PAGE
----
It was a reunion for me with Charlie Rose. We go so far back -NBC News, CBS News Nightwatch, PBS - and I still believe we did great work together, certainly some of my best. We talked about a mutual friend Tom Mazzarelli, who had worked with me at Larry King Live and with Charlie at CBS News. We were both singing Tom's praises, and I told Charlie this: "Working with Mazz reminded me of working with you, in that I felt like sometimes we shared a brain, which made the work so much better and more fun." He said Tom's taking a wee break from the network news grind. I don't blame him. That's healthy. Soon enough he'll be the executive producer of some hot big show. On that Charlie and I agreed 100%, and then we hugged a lot.
One thing more: if you haven't yet been to the Institute of Peace, do check it out. The building reminds me of the East Wing of the National Gallery, with expansive clean spaces and grand views.
Last night at the French Embassy there was enough Champagne to last through Thanksgiving and into Christmas and New Year's. It was called the "Champagne Ball." I'll have more about it Monday on washingtonian.com, but here's a few photos.
There will be much more tomorrow on washingtonian.com, but let me say now that "fight night" lives up to all its advance billing. This was my first time attending, and yes it was an amalgam of men being men, strong cocktails, cigars, boobs, steaks and camaraderie ... and not necessarily in that order.
To mark my one year anniversary with The Washingtonian I hosted a little party for my immediate colleagues, the so-called "web team," at the Ritz Carlton Georgetown followed by dancing at George. We are the website and we're at it every day. The pace and camaraderie of the web site crew is different from the rest of the office - fierce, actually - and we all work together well. This was an auspicious occasion for another reason, too: the demise of Newsweek magazine as a print edition. It will now be only web. How far behind is Time? Newspapers?
Anyone who works for a daily website knows that like a daily television broadcast it is a great white shark, never satisfied, always needing more to chew on. That's what we do. We work like that, we party like that....when we get the opportunity to party.
They put me through some rituals that were amusing for their generational flow, not the least of which was letting me know right away that the party had been given a hashtag and I should start tweeting. So, the evening started with Manhattans, white wine, canapes and tweeting as we sat by the wonderful, blazing fire at the Ritz Carlton Georgetown ... still one of the best places to gather with friends for food and drink and talking. In time, Sophie elatedly announced, "Carol, you're trending!" Wow. What a feeling. Whatevs. We played question games, where the objective was to get me to dish up deep dark secrets: who, what, when, where, how...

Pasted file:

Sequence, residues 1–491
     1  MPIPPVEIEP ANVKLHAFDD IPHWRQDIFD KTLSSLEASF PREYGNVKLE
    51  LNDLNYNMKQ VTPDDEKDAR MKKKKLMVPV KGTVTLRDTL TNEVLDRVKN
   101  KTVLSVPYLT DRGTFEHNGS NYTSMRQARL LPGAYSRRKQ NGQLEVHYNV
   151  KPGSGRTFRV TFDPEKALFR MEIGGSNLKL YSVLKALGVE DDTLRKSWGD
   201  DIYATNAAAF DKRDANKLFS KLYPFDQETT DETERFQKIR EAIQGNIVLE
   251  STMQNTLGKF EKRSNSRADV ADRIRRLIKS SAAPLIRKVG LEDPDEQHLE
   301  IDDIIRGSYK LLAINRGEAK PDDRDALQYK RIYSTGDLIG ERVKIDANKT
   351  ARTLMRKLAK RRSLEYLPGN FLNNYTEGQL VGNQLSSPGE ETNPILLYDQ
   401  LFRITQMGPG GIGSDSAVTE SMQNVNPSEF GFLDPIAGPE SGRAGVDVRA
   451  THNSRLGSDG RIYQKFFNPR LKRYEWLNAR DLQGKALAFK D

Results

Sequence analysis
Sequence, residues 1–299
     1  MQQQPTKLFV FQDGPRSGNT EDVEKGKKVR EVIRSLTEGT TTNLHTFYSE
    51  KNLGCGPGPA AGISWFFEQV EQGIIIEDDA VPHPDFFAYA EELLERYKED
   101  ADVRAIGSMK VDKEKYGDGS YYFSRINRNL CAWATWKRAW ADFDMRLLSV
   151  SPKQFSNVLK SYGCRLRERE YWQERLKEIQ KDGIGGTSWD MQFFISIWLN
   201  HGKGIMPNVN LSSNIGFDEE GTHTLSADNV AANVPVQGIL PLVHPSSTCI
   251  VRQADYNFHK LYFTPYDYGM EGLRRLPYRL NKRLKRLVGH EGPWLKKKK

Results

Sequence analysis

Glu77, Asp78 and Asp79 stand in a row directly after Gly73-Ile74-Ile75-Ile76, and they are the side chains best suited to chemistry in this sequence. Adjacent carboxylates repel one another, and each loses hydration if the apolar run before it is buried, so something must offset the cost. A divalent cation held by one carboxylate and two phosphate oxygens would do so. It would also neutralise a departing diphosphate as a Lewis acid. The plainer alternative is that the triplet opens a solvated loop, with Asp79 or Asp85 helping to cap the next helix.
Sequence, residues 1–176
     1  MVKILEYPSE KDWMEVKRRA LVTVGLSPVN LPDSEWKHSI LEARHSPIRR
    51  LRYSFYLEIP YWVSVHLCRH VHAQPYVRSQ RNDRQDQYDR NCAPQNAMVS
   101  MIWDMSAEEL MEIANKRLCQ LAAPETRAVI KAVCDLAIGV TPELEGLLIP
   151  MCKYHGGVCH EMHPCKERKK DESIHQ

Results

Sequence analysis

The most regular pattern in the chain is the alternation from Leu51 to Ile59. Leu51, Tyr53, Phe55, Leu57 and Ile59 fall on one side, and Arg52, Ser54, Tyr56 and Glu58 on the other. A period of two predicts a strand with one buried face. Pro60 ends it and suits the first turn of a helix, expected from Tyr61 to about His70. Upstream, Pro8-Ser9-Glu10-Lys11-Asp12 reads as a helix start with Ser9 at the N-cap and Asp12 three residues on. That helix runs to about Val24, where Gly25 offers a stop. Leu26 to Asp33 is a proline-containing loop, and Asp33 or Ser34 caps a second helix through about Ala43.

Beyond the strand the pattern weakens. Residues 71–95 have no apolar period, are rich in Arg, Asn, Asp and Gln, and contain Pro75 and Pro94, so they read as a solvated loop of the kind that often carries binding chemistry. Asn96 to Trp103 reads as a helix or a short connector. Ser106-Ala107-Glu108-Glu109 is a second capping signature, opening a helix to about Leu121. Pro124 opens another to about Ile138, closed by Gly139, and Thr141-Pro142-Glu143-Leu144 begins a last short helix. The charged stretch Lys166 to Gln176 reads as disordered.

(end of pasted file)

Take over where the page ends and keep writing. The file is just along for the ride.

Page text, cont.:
The Ritz took very good care of us, kept the drinks coming, along with bar food such as plates of cheese, charcuterie, veggies, followed by barbecue, crab and beef sliders, towers of truffle fries, and flatbread with shrimp and chorizo. Dessert was this season's new Georgetown Cupcakes: pumpkin spice and maple crunch.
Missing from these shots, but definitely at the party: food writer Anna Spiegel and production manager Chris Campbell
Last night at this evening hour I was at Mount Vernon, having a delicious steak dinner under a tent on George Washington's lawn, overlooking the Potomac River. We had just been entertained with the fireworks you see in the YouTube vid above, and we were also getting fairly nicely buzzed. There were multiple bars featuring all the best in commercial and craft spirits, because the evening was hosted by the Distilled Spirits Council of the United States, as well as President George Washington. The folks at DISCUS throw a party with an incredible array of booze. So, please take a moment to read my full report: The Spirit of Mount Vernon Dinner. And enjoy the fireworks, too.
Here I am wearing my Natitude. You should, too. Check out what to wear to tonight's Nationals vs Cardinal's game. Team spirit can make a differece. You'll be out about $30 bucks but the hat or t-shirt or sweatshirt will last for years and be a good memento of this amazing season in Washington baseball.
Note the goggles: essential wear for getting doused by champagne.
The summer is a good time to catch up with past episodes of The Q&A Cafe from the archives, including the above interview with Ben Bradlee, Quinn Bradlee & Sally Quinn, available on the YouTube link below. We will tape new shows, too. Watch on Friday evenings at 8 o'clock on Comcast channel 16, DCN.
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Here is information for book clubs that have chosen Innocent Spouse: Book Club Discussions...